Massachusetts adopts emergency withholding rules for COVID-19 telecommuters
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Monday, July 27, 2020

Massachusetts adopts emergency withholding rules for COVID-19 telecommuters

By Payroll and Entitlements Editorial Staff

Massachusetts adopted emergency sourcing rules for personal income tax withholding from employees who telecommute during the COVID-19, or coronavirus, pandemic. It also issued proposed rules for public comment that are identical to the emergency rules.

Nonresidents. Employers must source compensation to Massachusetts, and withhold income tax, for personal services performed by a nonresident:

  • who, immediately before the Massachusetts COVID-19 emergency, was an employee engaged in performing those services in the state; and
  • who is performing those services from a location outside the state due to pandemic-related circumstances.

Pandemic-related circumstances include:

  • a government order issued in response to the COVID-19 pandemic;
  • a remote work policy adopted by an employer to comply with federal or state government guidance or public health recommendations on the COVID-19 pandemic;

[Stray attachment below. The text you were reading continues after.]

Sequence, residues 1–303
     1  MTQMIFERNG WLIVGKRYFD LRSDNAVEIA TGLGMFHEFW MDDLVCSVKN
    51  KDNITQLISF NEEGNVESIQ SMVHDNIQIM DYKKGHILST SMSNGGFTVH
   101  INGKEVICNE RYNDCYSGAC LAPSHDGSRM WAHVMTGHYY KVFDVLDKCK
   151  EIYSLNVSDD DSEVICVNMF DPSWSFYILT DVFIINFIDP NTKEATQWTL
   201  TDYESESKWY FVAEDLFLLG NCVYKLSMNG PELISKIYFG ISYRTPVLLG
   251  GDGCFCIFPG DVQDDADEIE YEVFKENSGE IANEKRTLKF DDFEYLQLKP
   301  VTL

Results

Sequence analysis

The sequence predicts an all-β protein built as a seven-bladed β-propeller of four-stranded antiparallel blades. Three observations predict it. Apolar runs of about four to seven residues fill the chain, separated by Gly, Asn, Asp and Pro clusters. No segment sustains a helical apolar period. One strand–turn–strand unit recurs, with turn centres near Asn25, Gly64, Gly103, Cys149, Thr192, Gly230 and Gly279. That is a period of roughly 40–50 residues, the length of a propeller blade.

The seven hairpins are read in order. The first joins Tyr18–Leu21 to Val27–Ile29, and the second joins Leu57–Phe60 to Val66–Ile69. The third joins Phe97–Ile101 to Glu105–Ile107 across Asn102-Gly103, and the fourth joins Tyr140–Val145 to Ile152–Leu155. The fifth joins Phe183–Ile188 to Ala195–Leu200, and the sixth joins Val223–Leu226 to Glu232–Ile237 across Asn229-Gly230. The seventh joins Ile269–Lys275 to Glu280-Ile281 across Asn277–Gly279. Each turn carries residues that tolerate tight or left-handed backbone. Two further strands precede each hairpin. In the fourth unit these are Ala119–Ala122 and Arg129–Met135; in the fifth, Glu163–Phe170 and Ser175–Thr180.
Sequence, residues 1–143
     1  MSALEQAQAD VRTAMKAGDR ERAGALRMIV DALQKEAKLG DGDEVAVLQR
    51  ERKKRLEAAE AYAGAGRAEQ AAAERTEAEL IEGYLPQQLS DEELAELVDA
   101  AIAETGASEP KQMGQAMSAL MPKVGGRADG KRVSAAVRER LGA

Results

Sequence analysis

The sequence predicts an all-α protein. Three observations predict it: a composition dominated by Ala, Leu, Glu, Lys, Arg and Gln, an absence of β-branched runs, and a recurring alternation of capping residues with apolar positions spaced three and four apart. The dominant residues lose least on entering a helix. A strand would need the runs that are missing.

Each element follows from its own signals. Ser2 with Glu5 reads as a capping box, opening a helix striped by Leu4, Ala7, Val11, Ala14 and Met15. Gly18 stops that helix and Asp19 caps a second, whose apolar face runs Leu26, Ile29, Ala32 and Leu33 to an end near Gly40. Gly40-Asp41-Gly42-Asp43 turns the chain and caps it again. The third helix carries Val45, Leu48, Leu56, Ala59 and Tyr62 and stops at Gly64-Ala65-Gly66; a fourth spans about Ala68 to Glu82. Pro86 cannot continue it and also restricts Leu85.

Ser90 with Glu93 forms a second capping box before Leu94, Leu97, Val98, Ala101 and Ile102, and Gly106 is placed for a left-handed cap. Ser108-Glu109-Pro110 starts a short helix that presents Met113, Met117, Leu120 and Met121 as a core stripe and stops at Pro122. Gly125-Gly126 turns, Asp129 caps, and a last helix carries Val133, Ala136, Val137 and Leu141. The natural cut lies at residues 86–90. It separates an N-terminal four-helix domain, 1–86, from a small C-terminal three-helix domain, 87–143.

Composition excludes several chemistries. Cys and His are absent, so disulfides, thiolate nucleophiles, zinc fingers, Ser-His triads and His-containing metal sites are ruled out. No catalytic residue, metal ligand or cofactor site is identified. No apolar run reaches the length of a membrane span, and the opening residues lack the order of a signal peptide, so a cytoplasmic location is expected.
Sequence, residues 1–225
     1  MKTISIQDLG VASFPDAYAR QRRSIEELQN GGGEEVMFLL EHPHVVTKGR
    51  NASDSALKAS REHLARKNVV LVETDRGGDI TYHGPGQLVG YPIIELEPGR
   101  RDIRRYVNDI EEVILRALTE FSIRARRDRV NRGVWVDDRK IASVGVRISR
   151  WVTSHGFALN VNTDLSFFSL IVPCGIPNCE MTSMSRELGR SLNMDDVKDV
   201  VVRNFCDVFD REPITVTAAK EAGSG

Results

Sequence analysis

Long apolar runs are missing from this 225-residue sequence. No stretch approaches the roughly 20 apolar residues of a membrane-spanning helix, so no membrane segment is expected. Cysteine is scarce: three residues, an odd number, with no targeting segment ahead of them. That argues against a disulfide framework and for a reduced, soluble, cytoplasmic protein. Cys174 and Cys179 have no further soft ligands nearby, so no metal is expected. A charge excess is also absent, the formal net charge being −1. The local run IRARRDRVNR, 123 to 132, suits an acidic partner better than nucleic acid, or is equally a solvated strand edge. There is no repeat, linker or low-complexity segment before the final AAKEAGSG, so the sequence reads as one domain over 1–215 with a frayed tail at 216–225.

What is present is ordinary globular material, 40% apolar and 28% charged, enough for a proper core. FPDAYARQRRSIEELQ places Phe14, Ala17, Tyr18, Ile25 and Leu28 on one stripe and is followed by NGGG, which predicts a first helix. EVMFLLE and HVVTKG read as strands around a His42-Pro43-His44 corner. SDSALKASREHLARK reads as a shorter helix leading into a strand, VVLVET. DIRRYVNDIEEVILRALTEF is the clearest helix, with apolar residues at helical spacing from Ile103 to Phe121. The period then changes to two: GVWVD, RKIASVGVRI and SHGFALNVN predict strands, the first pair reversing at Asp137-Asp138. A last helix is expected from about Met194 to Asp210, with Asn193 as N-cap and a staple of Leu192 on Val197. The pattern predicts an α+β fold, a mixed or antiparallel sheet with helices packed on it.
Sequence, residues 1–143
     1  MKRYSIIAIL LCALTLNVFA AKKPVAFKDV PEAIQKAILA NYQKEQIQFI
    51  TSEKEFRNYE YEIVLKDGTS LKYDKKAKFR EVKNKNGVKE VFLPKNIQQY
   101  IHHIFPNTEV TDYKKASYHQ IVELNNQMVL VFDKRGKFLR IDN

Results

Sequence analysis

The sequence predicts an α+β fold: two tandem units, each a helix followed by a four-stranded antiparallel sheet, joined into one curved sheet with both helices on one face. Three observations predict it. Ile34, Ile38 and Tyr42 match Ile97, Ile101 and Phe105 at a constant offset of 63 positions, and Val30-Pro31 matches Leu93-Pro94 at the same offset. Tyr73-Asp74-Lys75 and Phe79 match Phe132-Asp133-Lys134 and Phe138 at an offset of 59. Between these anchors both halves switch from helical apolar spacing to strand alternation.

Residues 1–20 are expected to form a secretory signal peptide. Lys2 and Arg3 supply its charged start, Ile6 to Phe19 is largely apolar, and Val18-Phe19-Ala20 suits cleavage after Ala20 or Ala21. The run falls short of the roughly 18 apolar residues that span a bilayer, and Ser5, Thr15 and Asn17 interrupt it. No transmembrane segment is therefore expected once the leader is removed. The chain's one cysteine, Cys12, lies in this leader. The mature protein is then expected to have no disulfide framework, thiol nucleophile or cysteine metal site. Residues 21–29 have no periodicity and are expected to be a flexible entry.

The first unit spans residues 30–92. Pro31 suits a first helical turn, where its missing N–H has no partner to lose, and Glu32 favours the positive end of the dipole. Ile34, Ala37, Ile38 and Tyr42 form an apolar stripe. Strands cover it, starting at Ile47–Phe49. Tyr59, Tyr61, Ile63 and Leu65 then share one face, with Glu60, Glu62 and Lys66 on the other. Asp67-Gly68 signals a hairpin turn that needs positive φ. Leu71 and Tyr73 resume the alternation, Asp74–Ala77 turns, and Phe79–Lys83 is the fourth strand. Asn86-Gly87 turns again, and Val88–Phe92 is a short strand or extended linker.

• employee compliance with quarantine or isolation directives on a diagnosis or suspected diagnosis of COVID 19 or the advice of a physician on COVID-19 exposure; or
  • any other remote COVID-19 work arrangement during the period that the rules are in effect.

Residents. Massachusetts will provide a credit for income taxes paid to another state to a resident:

  • who, immediately before the Massachusetts COVID-19 emergency, was an employee engaged in performing services from a location outside the state; and
  • who began performing those services in Massachusetts due to pandemic-related circumstances.

It also will not require withholding from the employer if the employer must withhold income tax for the employee in the other state.

Effective date. The regulation is effective through the earlier of:

  • December 31, 2020; or
  • 90 days after Massachusetts Gov. Charlie Baker gives notice that the state of emergency declaration is no longer in effect.

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